What is Intersectional Pedagogy?
Intersectional Pedagogy is an approach to teaching and learning by which inequality and exclusion resulting from intersecting social identities are understood, explained, and challenged. A successful intersectional approach must take into consideration individual complexity, systemic oppression, and should seek to unveil power while also making visible complex and layered aspects of oppression. As such, Intersectional Pedagogy is rooted in an understanding that:
- Identity is a complex layering of multiple social locations.
- Intersectionality is a mechanism for unveiling privilege, power, and oppression.
- The application of intersectionality in the classroom requires an emphasis on political social action.
- Curriculum must be opened to multiple voices and perspectives that highlight privilege and oppression
Benefits of Intersectional Pedagogy
The goal of Intersectional Pedagogy is to offer students new ways of understanding persistent patterns of inequality that both reflect and respect complexity and diversity. Pedagogically, the intersectional approach provides instructors and students with a critical framework for validating subjugated knowledge, unveiling power and privilege, examining the complexity of identity and developing action strategies for empowerment (Collins, 1990; Dill & Zambrana, 2009).
The benefits of intersectional pedagogical design include:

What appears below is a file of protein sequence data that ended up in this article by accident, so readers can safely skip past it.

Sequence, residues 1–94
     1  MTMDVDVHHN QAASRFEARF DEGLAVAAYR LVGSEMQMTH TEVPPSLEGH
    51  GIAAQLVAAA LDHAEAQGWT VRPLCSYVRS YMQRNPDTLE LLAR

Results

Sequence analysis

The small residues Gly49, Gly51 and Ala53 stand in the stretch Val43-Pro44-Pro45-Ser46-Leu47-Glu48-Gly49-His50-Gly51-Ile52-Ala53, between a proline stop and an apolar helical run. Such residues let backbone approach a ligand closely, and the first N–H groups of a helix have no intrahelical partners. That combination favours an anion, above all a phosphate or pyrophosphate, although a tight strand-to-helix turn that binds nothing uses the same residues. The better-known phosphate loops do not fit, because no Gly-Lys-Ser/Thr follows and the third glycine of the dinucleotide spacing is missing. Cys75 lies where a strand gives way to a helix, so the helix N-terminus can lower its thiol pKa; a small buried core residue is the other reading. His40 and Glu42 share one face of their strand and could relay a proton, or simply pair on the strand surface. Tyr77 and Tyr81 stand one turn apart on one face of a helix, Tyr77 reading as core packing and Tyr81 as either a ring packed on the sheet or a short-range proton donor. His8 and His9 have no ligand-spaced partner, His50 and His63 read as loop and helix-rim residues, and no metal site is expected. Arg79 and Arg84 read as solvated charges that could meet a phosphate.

- White privilege awareness and acknowledgment of blatant racism (Cole, Case, Rios, & Curtin, 2011)
- Increased positive attitudes toward Muslim women (Greenwood & Christian, 2008)
- Increased openness to experience, taking the perspective of others and endorsement of a powerful group’s dominance over out-groups (Curtin, Stewart and Cole, 2015)
- Decreased over-emphasizing of any single characteristic or quality in the understanding of individual realities (Dill & Zambrana, 2009)
Case, K. Ed. (2016). “Toward an Intersectional Pedagogy Model: Engaged Learning for Social Justice,” in Intersectional Pedagogy: Complicating Identity and Social Justice. New York: Routledge, 2016.
Cole, E. R. (2016). “Forward,” in Intersectional Pedagogy: Complicating Identity and Social Justice, ed. Kim A. Case. New York: Routledge, 2016. (ix–xii.)
Cole, E. R., Case, K. A., Rios, D., & Curtin, N. (2011). Understanding What Students Bring to the Classroom: Moderators of the Effects of Diversity Courses on Student Attitudes. Cultural Diversity and Ethnic Minority Psychology, 17(4), 397-405.
Curtin, N., Stewart, A. J., & Cole, E. R. (2015). Challenging the Status Quo: The Role of Intersectional Awareness in Activism for Social Change and Pro-Social Intergroup Attitudes. Psychology of Women Quarterly, 39(4), 512-529.
Dill, B. T., & Zambrana, R. E. (2009). Emerging intersections: Race, class, and gender in theory, policy, and practice. New Brunswick, N.J: Rutgers University Press.
Greenwood, R. M., & Christian, A. (2008). What happens when we unpack the invisible knapsack? Intersectional political consciousness and inter-group appraisals. Sex Roles, 58.